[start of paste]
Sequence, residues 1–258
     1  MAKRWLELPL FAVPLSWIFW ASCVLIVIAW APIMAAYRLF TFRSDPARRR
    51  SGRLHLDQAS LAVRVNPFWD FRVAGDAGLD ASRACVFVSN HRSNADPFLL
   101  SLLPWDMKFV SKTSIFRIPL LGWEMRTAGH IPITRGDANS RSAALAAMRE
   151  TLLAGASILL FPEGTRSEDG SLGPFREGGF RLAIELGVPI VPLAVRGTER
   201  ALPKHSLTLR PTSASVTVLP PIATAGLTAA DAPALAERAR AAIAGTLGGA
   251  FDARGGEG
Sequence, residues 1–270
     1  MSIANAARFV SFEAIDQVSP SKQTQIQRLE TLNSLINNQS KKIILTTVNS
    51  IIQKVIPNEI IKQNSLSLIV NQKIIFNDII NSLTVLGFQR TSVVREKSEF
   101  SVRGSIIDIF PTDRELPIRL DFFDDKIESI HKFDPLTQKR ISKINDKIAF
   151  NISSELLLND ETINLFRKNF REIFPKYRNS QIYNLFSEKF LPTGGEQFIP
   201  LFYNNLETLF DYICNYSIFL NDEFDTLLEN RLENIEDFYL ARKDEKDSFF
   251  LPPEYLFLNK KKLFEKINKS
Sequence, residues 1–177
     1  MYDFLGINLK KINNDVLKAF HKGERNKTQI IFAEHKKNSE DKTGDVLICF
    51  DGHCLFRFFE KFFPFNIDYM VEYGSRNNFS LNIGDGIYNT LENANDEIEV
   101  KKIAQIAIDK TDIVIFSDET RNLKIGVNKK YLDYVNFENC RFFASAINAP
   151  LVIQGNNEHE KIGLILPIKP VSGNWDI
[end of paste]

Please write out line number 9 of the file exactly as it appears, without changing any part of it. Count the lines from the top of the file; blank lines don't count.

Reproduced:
     1  MSIANAARFV SFEAIDQVSP SKQTQIQRLE TLNSLINNQS KKIILTTVNS